Louisville-based Sierra Nevada Corporation announced today that Lockheed Martin has agreed to build the composite structure for a next-generation space shuttle, the Dream Chaser, which is scheduled to make its first orbital test flight in 2016.
Lockheed Martin Space Systems Co., which is based in Littleton, will construct the composite at NASA's Michoud Assembly Facility in New Orleans.
Sierra Nevada Corp.'s commercial project is one of three working with NASA to send astronauts to the International Space Station. The other two are Houston-based Boeing Company, which is developing the CST-100 spacecraft to launch atop a United Launch Alliance Atlas V rocket, and California-based Space Exploration Technologies Corp., which is building a Dragon capsule and Falcon 9 rocket for crewed missions.
Like the CST-100, the Dream Chaser is also set to launch on an Atlas V.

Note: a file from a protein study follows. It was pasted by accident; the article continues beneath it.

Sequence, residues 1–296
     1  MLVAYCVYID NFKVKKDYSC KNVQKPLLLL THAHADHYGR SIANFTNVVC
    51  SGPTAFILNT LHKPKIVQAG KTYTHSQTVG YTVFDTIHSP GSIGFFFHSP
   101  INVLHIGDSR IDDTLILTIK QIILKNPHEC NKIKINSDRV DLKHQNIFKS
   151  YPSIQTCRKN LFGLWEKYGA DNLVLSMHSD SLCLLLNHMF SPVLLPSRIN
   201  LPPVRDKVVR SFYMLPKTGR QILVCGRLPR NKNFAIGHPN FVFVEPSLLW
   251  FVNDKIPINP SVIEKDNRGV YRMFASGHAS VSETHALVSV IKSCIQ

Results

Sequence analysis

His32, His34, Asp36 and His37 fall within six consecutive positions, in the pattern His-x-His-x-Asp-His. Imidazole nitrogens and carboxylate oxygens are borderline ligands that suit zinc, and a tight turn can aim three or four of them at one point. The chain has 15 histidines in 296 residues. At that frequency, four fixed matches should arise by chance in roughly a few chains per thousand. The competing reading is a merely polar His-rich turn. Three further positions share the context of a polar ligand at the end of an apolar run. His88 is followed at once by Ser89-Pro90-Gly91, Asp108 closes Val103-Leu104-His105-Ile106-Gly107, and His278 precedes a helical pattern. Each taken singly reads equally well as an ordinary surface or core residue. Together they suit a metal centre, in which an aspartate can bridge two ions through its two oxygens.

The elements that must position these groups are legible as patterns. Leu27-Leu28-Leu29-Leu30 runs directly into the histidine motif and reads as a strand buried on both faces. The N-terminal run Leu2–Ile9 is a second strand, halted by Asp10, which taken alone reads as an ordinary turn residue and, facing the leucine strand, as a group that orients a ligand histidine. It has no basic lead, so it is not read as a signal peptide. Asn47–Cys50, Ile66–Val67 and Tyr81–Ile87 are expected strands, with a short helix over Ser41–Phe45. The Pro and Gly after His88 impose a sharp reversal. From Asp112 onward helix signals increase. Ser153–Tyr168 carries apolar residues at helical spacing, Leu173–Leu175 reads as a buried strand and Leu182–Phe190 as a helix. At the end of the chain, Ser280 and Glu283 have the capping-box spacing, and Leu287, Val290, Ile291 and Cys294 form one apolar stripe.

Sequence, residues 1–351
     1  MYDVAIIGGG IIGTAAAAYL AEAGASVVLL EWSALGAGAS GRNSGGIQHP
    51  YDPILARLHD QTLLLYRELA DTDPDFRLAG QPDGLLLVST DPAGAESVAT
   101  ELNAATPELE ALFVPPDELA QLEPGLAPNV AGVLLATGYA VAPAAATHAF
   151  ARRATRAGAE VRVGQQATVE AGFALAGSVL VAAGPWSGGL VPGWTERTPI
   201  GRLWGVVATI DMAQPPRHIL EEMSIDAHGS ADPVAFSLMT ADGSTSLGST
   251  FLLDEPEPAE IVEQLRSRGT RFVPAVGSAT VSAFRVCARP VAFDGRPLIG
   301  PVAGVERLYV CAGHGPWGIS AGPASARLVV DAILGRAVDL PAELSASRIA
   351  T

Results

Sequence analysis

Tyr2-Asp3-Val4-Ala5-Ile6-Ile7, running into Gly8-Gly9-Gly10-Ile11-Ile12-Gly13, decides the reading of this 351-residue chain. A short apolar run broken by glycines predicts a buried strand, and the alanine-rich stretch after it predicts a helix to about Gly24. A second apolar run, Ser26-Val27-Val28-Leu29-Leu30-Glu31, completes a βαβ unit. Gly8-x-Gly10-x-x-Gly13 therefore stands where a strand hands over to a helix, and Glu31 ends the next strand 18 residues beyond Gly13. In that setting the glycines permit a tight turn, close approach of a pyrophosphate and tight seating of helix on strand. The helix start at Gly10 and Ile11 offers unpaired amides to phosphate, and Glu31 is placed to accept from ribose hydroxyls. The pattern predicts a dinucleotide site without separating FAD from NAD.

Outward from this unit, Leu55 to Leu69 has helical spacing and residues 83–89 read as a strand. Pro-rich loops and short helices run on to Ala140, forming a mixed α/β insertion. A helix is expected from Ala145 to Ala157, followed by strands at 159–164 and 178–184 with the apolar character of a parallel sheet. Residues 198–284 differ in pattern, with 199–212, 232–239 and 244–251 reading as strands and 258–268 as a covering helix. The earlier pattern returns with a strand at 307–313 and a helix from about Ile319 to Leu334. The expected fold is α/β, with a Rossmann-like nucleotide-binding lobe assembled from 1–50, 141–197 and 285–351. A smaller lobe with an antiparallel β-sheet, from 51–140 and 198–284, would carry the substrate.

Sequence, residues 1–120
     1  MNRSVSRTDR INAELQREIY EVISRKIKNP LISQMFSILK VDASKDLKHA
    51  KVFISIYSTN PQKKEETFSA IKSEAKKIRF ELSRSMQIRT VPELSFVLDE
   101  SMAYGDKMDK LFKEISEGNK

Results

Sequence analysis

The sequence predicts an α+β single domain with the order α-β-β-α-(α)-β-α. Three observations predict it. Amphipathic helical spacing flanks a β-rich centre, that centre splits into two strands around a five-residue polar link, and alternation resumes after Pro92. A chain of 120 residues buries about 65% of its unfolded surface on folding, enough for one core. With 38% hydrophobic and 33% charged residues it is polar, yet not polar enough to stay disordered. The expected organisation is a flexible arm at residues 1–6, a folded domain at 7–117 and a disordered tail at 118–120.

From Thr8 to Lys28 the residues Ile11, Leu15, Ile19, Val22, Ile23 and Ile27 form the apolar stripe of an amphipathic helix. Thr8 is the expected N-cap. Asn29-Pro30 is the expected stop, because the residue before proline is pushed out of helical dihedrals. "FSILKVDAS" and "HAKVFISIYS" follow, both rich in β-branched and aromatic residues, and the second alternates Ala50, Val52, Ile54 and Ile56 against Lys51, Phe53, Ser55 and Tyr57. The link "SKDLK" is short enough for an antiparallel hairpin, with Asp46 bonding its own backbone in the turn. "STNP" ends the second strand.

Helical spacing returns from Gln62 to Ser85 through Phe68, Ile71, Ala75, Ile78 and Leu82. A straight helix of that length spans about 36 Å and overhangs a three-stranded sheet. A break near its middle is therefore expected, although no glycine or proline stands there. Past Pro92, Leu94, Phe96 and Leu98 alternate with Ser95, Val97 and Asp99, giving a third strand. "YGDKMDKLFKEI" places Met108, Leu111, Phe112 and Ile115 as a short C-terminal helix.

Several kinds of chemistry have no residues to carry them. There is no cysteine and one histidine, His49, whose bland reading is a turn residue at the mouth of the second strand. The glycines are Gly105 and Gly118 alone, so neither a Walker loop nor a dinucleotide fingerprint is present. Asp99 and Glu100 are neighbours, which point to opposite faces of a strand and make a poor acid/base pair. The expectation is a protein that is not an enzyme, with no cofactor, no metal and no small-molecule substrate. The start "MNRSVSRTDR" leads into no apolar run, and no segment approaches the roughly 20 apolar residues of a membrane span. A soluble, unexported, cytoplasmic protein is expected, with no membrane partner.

By bringing Lockheed Martin aboard, Sierra Nevada's management team said it will be able to tap into Lockheed Martin's experience developing the Orion deep space capsule and its many facilities and experts across the nation.
Sierra Nevada Corp. is working under contract with NASA's Commercial Crew Program to keep the project within the agency's flight safety and performance standards and requirements. NASA retired its own shuttle program last year. Commercial space exploration has become the new frontier. Unlike its competitors, Sierra Nevada's Dream Chaser would land on a runway. The competing crafts are capsules.
NASA has awarded Sierra Nevada Corp. hundreds of millions of dollars to develop the Dream Chaser.
Lockheed's involvement was announced this morning at Sierra Nevada Corp.'s headquarters in the Colorado Technology Center.